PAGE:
The reception of the leader of the Saharawi Arab Democratic Republic (SADR), Brahim Gali, as one more head of state by the Tunisian president, Kais Saidgenerated a unprecedented crisis in Morocco which has put on hold the cordial relationship that the two Maghreb countries have traditionally maintained.
Said’s gesture has been interpreted as a break in the historical neutrality that Tunisia has maintained on the question of Occidental Sahara and Morocco’s reaction shows increasing pressure from Rabat in the Maghreb and an apparent fear of the influence of Algeriahis greatest enemy.
“By SaidTunisia has become the Algerian backyard. Since its independence, Tunisia has maintained a balance between Morocco and Algeria. There is no neutrality when Gali is received on an equal footing with respect to the rest of the heads of state”, Moroccan university professor Khalid Chiat explains to Efe.
For Moroccan analyst Said Saddiki, two new factors are influencing relations and one of them has to do with neighboring Algeria. It is about, he summarizes, the “Algerian economic support to the country and the feeling of Said (who has governed with full powers for a year) that Rabat has not supported his internal decisions.”
Immediately after this reception on the occasion of Gali’s participation in the Tokyo International Summit for African Development (TICAD) hosted this weekend by Tunisia, Morocco called its ambassador for consultations, considering him a “hostile” gesture, “unprecedented” and “a serious provocation”.
A few hours later, Tunisia expressed its “surprise”, described the reaction as “illogical” and also ordered the return of its highest representative to Rabat. “It’s not clear what the implications will be. I don’t think Morocco will go backwards and at the same time Said is not the type of person who is willing to make concessions”, explains the Tunisian analyst Mohamed-Dhia Hammami.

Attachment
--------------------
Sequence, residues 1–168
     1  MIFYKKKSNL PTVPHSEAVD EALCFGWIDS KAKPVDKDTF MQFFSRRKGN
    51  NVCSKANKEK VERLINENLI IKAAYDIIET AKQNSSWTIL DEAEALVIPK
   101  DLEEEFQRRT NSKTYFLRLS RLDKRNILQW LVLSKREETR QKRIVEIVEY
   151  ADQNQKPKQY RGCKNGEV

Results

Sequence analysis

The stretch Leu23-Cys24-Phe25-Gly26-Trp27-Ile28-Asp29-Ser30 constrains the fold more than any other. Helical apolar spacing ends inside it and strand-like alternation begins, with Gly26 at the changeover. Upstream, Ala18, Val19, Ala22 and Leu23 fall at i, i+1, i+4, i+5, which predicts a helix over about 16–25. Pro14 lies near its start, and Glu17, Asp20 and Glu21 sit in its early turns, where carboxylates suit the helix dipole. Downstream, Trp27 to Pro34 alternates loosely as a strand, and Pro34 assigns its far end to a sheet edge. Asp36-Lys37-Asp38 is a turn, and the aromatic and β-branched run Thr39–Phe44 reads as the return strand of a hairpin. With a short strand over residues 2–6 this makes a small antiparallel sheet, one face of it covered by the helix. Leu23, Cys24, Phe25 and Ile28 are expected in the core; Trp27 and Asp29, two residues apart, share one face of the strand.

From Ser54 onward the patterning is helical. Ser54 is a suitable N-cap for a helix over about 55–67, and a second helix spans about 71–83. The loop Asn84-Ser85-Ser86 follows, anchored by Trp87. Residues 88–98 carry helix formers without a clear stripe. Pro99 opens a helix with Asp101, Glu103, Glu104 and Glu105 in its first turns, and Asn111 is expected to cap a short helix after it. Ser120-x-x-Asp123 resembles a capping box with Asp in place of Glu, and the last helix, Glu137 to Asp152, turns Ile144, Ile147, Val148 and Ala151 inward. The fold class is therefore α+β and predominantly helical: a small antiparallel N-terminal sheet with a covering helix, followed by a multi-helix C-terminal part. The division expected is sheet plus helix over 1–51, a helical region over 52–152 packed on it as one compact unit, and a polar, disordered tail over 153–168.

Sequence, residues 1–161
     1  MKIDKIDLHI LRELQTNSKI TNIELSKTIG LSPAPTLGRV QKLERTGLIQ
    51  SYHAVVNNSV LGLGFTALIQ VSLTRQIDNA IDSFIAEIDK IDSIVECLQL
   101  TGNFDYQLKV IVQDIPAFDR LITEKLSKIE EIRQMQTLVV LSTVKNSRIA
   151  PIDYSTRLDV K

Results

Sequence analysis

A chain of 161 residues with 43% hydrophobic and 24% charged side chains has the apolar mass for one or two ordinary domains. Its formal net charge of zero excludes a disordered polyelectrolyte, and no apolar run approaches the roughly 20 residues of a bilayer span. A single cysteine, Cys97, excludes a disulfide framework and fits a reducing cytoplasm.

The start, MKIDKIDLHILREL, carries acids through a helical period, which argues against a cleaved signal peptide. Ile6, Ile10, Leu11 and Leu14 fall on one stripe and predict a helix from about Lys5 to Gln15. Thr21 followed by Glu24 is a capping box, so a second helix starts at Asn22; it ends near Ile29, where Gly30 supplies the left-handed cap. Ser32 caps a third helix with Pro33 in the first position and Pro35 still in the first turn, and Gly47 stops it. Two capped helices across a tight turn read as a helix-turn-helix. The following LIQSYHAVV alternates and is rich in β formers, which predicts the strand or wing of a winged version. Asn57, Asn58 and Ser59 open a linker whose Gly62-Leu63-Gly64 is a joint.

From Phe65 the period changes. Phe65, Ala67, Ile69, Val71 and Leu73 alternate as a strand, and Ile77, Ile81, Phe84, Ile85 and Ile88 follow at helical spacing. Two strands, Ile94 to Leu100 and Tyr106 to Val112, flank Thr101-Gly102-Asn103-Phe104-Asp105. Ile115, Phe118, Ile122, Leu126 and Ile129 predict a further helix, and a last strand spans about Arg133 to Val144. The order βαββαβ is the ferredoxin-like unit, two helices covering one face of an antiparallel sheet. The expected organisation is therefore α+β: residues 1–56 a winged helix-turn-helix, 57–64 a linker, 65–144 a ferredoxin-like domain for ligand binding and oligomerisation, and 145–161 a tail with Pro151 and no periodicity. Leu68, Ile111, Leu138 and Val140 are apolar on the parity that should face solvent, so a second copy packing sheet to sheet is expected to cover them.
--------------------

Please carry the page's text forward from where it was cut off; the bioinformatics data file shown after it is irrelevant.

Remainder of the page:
The Tunisian Foreign Ministry defended in a statement its position of “neutrality” in the Western Sahara issue, in order to clarify that there is no change in the country’s foreign policy, but it also rejected what it receives as interference in foreign affairs. internal.
Considered number one enemy of Morocco, Gali is the leader of the Polisario Front which (supported and welcomed by Algeria) demands the independence of Western Sahara, a territory controlled 80% by Morocco and considered by the UN as a non-autonomous territory (pending decolonization).
The Moroccan outrage spread to the political parties -both the coalition government and the opposition-, by the main trade unions, which condemned Gali’s reception, and even by the Royal Moroccan Karate Federation, which canceled its participation in a competition that Tunisia will soon host.
The criticism fell mainly on the person of the Tunisian president, who these organizations describe as an “unpredictable and doubtful” man and responsible for this change.
Said maintains an unquestionable closeness with the Algerian President Abdelmajid Tebboune whose relationship is defined in the region as “romance”. The Tunisian president widely publicized his attendance at the celebrations for the 60th anniversary of Algerian Independence on July 5.
His latest gesture collides with the official neutrality that Tunisia has maintained since its first president, Habib Bourguiba, which has resulted in preserving the status quo. “Tunisia never proactively tried to build official relations with the Polisario. I would say that Said’s position is unprecedented,” adds Hammami.
Morocco, without half measures with the Sahara
The great Moroccan anger follows the last speech of the King Mohammed VI confirming its new paradigm of international relations in which the Sahara issue is “the prism” through which Rabat measures its friendships and associations with the rest of the countries of the world. The monarch launched an appeal to his “traditional and new partners” to clarify his position regarding the conflict, in a veiled allusion, according to observers, to France, Morocco’s main ally with whom it maintains a current silent diplomatic crisis.
The clash between Morocco and Tunisia has coincided with French President Emmanuel Macron’s visit to Algeria during which the two countries ironed out rough edges and sealed a reconciliation and future agreement.
The King’s speech confirms Rabat’s aggressive diplomatic line in the defense of the Moroccanity of the Sahara, empowered from the support of the former US president donald trump in December 2020, who recognized Moroccan sovereignty over the former Spanish colony.
The turn of the Spanish Government, which last March considered the Moroccan autonomy plan as the “most serious, realistic and credible” basis, also strengthens Rabat, which demands more and more from its allies.
Morocco no longer accepts half measures, although its growing aggressiveness on the Sahara issue could also push it into isolation in the Maghreb.